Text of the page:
- involuntary rapid movements of the eyes vertically or horizontally
- high blood pressure
- racing heartbeat
- dizziness and shakiness
- increased body temperature
- reduced response to pain
- slurred speech
- excessive sensitivity to sound
- lack of muscle coordination
- muscle rigidity or frozen posture
- breakdown of muscle and excretion of muscle proteins in urine
Psychiatric and social symptoms include:
- disordered thinking and confusion
- impaired judgment
- impulsiveness and unpredictability
- schizophrenic-like psychoses
- hallucinations of sight, sound, or touch
- memory impairment
- difficulty in social-emotional relationships
- chaotic lifestyle including difficulty functioning at work or school, legal and financial problems
PCP is known for its variability of symptoms, which change both from person to person and from exposure to exposure. In addition, symptoms come and go throughout a period of intoxication that can last from one to two hours for low dose exposure to one to four days for high dose exposure. Severity of symptoms is not always related to the size of the dose as measured by blood levels of the drug.
Three rough phases of intoxication have been established: behavioral toxicity, stuperous stage, and comatose stage. Many patients fluctuate between phases, and some present symptoms that do not fit neatly into any phase. In the behavioral toxicity stage, people tend to gaze blankly while their eyes dart horizontally or vertically. Muscle control is poor, and the person may make repetitive movements, grind the teeth, or grimace. Body temperature, heart rate, and respiration are mildly elevated. Vomiting and drooling may occur.
In the stuperous phase the eyes are wide open, and the person appears wide awake, but in a stupor. Seizures may occur if the person is stimulated. The eyes may dart in any direction while the gaze remains fixed. Body temperature is increased substantially. Heart and respiration rate are increased by about 25%. Muscles are rigid with twitching.
In the comatose stage, which may last from one to four days, the person is in a deep coma. The pupils are dilated and the eyes drift. Body temperature is elevated to the point of being life-threatening. The heart rate is dangerously high, increasing to about twice the normal level and blood pressure is dangerously low. Breathing may stop for brief periods (apnea). There is no response to pain, and the person sweats heavily. Death is possible, although most deaths with PCP occur in earlier stages through accidents or suicide .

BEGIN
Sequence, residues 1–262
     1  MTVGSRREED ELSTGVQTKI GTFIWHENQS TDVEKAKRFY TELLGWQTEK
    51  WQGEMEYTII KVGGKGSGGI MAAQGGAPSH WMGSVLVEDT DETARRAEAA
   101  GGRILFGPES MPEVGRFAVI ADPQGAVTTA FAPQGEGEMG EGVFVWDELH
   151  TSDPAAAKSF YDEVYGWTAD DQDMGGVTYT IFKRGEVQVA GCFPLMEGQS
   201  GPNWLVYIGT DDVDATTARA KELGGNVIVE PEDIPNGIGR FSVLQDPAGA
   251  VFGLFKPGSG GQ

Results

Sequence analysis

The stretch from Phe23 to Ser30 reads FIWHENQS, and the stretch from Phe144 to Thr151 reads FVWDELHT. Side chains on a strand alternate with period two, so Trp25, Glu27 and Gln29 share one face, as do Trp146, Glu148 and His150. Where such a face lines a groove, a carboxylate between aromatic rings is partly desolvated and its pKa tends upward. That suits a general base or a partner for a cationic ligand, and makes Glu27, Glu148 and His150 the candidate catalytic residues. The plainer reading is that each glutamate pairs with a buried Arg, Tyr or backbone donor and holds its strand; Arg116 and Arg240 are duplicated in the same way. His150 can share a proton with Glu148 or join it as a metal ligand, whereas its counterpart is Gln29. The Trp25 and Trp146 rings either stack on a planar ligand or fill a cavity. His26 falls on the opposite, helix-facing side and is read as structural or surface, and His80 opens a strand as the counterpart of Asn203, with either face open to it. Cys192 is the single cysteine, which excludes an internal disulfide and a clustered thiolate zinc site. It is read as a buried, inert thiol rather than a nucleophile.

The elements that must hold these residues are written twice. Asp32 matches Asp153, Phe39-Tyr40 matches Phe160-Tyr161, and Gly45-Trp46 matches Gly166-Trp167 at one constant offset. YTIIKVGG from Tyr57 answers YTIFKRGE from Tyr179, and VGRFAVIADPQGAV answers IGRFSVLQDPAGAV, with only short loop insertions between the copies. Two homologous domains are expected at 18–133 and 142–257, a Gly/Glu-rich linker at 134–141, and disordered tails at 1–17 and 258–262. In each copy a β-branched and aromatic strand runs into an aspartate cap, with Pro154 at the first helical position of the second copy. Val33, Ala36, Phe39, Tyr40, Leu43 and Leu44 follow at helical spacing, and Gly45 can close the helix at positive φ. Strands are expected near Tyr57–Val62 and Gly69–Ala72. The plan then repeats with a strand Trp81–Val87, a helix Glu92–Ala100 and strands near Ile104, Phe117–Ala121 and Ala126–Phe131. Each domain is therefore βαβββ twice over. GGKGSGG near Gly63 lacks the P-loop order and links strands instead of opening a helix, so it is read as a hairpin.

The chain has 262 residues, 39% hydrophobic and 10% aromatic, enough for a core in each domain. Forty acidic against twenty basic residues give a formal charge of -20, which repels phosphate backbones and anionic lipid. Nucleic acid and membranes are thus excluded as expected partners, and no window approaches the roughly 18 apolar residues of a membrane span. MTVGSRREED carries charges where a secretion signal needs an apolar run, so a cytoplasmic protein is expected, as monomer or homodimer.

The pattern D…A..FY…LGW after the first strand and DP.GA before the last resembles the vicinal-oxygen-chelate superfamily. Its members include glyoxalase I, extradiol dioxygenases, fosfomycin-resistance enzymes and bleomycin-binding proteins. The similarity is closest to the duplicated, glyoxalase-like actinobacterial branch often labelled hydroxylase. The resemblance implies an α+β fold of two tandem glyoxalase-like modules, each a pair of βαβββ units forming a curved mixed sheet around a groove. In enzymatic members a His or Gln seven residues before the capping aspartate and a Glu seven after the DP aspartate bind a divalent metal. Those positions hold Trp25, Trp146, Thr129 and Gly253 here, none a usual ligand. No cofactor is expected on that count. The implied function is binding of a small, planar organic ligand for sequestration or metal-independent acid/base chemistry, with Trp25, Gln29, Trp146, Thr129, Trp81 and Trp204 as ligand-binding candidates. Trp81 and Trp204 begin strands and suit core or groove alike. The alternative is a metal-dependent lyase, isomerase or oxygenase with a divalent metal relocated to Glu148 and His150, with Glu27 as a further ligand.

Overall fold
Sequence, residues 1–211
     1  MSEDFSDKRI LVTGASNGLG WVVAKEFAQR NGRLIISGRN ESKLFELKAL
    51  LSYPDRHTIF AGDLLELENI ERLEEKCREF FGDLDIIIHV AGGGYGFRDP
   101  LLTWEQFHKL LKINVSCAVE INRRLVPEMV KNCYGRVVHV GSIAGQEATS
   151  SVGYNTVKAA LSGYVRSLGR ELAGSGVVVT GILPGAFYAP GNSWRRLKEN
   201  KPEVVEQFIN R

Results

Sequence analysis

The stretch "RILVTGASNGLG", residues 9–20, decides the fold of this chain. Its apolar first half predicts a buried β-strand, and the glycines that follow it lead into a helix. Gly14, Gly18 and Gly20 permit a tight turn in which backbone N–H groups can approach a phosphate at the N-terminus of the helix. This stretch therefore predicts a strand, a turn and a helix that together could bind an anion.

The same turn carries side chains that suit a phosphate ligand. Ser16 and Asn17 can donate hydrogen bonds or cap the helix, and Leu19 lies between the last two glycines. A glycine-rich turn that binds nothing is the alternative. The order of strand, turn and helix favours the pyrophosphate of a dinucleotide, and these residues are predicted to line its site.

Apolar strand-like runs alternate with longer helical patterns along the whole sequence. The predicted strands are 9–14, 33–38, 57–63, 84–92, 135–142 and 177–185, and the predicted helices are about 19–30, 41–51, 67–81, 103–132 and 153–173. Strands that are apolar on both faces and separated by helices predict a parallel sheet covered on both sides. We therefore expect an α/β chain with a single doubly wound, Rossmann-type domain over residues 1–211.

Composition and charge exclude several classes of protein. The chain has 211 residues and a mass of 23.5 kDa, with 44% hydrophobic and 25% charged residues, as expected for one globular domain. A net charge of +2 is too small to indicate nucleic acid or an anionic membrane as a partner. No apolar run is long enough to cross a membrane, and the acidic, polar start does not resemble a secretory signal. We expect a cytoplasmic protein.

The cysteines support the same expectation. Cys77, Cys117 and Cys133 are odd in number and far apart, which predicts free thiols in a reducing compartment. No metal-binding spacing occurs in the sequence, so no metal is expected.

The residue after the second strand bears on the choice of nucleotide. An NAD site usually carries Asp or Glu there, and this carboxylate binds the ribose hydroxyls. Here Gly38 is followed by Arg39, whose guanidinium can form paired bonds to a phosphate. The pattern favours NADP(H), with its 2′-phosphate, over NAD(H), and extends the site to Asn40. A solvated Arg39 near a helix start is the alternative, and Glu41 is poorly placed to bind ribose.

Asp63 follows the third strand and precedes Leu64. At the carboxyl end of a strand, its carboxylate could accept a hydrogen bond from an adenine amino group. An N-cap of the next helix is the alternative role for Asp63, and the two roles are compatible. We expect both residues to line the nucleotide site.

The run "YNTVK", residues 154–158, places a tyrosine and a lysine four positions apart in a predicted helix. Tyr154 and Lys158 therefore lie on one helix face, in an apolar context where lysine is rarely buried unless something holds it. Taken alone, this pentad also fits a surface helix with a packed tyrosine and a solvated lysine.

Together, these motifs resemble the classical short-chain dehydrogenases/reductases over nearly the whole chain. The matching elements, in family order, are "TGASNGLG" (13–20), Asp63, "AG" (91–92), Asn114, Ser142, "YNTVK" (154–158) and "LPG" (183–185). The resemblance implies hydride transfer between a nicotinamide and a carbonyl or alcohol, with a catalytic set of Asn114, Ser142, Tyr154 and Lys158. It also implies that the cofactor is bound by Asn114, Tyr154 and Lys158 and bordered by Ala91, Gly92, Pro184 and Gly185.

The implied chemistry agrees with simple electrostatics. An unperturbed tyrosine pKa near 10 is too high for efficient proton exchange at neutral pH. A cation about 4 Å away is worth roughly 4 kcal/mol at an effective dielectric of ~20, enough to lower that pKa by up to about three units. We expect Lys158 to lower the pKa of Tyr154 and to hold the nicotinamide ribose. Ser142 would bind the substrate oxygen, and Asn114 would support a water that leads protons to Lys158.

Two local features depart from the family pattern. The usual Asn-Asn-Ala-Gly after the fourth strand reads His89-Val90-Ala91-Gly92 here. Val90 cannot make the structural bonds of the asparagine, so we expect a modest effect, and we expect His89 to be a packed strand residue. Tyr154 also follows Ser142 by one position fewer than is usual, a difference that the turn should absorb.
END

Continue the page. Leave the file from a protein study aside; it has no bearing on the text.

In the 1970s, PCP was used mainly by adolescents. Today the largest regular users are between the ages of 26 and 35. Men outnumber women users two to one, and men account for about three-quarters of PCP-related emergency room visits. Most users live in cities. About 90% of people who use PCP use other drugs as well, usually marijuana and alcohol. About 3% of substance abuse deaths are caused by PCP. Studies by the National Institute of Drug Abuse show that PCP use by high school students has declined steadily from about 13% in 1979 to about 4% in 1997.
Diagnosis of PCP abuse or dependence is often complicated by the fact that symptoms are variable. Most people who use PCP use other drugs; and PCP can be a contaminant in other street drugs or can itself be contaminated with other chemicals. PCP use is also found among people with psychiatric disorders. In many ways, PCP mimics the symptoms of schizophrenia .
The American Psychiatric Association recognizes two levels of PCP disorders: PCP dependence and PCP abuse. In addition, it recognizes seven other PCP-induced psychiatric disorders.
PCP dependence is characterized by a psychological dependence or craving for the drug, as well as withdrawal symptoms if it is discontinued. Although physical dependence has been shown in animal studies with suggestions that physical dependence is present in heavy human users, no human studies have confirmed this. Heavy users may take the drug several times a day. They continue to use it despite experiencing psychological or physical problems. People with psychiatric disorders are more likely to have bad side effects from PCP than those without psychiatric problems. Adverse effects of PCP dependence can continue for weeks after the drug is discontinued.